Needles Under the Nails

by Kieran Healy on March 15, 2005

The effort to normalize torture proceeds on two fronts. The first comes up with scenarios where torture seems justified—the ticking bomb case that we know and love. As we know, real torture never meets the criteria that even seemingly reasonable ticking-bomb hypos demand. The scenario depends on the prospective torturer knowing everything relevant about the circumstances except one thing (viz, the location of the bomb and the time it will explode), which the suspect knows, and we know they know. This never happens. Instead, torture is generally a much more protracted affair, carried on with much less information about what the suspect knows or even who the proper suspects are. Nevertheless, as we saw the other day, the ticking-bomb still exerts a considerable hold over people’s minds. Why?

I think it’s because it’s an effective slippery-slope. If you get me to agree to torturing someone when there’s a ticking bomb, then how hard is it to get me to agree to the following case: we’ve picked up ten guys for questioning but only one of them has the true information. We don’t know which one, so we have to torture the lot. Isn’t torture still justified? Think of the children who’ll be incinerated in that nuclear explosion. Preventing that is surely as close to an infinite payoff as we can manage. Now, it has to be true that the more suspected terrorists we pick up, the greater the certainty we have that at least one of them has the relevant vital information. And maybe the bomb won’t go off this afternoon, but they’re certainly building it. At least, they certainly want to build it. Pretty soon you have me agreeing to just rounding people up on the off chance that they know something unspecified—or know someone who might know something—about an unspecified plan to harm us all. And this is what the systematic practice of torture looks like in actual practice anyway.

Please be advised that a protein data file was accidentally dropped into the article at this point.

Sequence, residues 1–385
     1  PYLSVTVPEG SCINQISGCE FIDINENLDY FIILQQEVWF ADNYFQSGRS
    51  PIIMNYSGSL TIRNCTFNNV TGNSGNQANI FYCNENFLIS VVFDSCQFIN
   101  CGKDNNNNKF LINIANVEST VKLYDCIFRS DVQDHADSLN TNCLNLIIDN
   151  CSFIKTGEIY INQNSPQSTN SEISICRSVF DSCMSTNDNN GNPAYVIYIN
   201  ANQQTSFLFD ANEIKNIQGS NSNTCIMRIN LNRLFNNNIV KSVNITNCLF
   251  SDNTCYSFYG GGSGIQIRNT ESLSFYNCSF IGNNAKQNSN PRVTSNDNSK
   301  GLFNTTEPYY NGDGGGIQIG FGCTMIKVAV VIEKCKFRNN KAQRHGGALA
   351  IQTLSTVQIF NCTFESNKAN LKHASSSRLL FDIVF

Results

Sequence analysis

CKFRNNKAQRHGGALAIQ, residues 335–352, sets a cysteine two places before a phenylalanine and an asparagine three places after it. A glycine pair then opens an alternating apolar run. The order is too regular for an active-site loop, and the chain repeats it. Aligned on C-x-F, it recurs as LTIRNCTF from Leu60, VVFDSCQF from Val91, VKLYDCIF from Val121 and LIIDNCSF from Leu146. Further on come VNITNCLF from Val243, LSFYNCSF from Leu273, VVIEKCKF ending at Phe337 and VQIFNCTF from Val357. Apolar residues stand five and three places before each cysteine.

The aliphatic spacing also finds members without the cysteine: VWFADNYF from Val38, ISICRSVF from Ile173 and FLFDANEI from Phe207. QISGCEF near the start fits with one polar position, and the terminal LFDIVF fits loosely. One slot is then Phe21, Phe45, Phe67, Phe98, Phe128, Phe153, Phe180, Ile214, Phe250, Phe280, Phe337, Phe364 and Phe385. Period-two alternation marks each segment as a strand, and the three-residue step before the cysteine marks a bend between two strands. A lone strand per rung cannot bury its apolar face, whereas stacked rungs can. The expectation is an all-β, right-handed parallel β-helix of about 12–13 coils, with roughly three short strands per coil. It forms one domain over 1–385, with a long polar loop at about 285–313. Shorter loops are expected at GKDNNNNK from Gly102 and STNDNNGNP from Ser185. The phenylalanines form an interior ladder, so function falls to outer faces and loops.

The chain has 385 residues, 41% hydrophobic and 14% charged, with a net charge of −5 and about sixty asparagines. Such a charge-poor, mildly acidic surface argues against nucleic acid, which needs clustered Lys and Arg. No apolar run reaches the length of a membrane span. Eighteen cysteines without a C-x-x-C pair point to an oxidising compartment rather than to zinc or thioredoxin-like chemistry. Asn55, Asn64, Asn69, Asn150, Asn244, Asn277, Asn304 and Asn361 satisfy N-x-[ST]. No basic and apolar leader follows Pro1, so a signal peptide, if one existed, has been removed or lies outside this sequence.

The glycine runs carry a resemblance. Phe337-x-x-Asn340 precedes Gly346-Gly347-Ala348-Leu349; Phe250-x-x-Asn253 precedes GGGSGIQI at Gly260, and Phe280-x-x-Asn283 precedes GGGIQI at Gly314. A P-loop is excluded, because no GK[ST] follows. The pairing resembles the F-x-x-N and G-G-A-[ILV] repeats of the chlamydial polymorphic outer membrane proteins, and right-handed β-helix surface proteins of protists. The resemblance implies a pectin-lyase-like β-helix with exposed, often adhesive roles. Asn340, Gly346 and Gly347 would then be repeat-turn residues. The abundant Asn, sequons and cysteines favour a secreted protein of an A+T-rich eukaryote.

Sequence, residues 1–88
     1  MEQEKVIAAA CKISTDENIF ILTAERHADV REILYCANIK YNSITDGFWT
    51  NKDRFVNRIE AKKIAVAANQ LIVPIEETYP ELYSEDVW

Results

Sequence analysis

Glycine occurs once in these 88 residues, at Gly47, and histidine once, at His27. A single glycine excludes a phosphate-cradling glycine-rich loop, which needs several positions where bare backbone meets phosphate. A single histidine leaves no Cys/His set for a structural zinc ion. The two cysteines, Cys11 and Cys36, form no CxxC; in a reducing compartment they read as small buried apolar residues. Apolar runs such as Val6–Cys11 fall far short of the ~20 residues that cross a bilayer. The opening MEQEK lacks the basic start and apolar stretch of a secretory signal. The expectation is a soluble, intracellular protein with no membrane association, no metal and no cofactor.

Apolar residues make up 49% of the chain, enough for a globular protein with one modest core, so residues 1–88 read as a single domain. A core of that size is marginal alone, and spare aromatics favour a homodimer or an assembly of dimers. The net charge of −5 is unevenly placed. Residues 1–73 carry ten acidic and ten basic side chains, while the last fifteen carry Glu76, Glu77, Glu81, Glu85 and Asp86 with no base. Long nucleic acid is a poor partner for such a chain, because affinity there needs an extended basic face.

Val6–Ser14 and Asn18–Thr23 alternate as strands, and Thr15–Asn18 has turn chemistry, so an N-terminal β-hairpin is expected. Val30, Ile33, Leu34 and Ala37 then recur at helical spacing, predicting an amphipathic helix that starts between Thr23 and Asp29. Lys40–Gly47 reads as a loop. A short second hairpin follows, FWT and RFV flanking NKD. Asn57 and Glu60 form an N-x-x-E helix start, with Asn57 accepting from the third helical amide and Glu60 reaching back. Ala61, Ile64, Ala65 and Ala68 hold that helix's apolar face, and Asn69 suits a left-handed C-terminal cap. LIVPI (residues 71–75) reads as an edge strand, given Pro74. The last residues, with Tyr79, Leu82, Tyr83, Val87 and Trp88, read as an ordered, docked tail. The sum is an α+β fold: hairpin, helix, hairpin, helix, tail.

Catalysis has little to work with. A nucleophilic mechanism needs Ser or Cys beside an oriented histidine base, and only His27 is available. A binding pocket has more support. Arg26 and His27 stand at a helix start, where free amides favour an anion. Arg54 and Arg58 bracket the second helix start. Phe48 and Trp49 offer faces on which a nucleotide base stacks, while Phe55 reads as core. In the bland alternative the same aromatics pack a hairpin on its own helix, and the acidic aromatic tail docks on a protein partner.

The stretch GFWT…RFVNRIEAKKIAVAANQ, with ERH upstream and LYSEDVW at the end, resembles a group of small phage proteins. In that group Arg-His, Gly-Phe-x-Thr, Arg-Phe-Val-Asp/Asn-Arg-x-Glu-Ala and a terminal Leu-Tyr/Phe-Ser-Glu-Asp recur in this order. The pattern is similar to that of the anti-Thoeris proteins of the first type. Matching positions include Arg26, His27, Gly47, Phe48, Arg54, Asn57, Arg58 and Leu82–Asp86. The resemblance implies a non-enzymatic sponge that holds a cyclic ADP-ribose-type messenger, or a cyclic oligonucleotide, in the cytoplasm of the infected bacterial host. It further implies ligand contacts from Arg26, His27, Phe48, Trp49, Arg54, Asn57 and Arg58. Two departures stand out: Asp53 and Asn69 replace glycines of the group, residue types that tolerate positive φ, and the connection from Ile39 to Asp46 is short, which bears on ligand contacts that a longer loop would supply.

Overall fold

The second front in the pro-torture offensive is the effort to blur the distinction between torture and “mere” pressure or extreme interrogation. In the car this morning I heard a discussion of this question on the news. When CT had a discussion about the philosophy of vagueness earlier this month some commenters derided the waste of analytic effort on such a fatuous topic. But here we have a real-world example right in this area. In the report, a military lawyer from West Point cautioned against drawing a bright line between torture and “mere” abuse—by making a list of banned practices, for instance—because that just challenges torturers to come up with something that’s not on the list. Any number of surviving victims of state-sponsored violence will tell you that torturers can be very inventive indeed. But despite the evidence that torture almost always devolves into a sordid and pointless routine, the temptation to put a brave face on the deliberately inflicted suffering of others remains irresistible to many. Here, for example, is Alan Dershowitz speaking in the news report: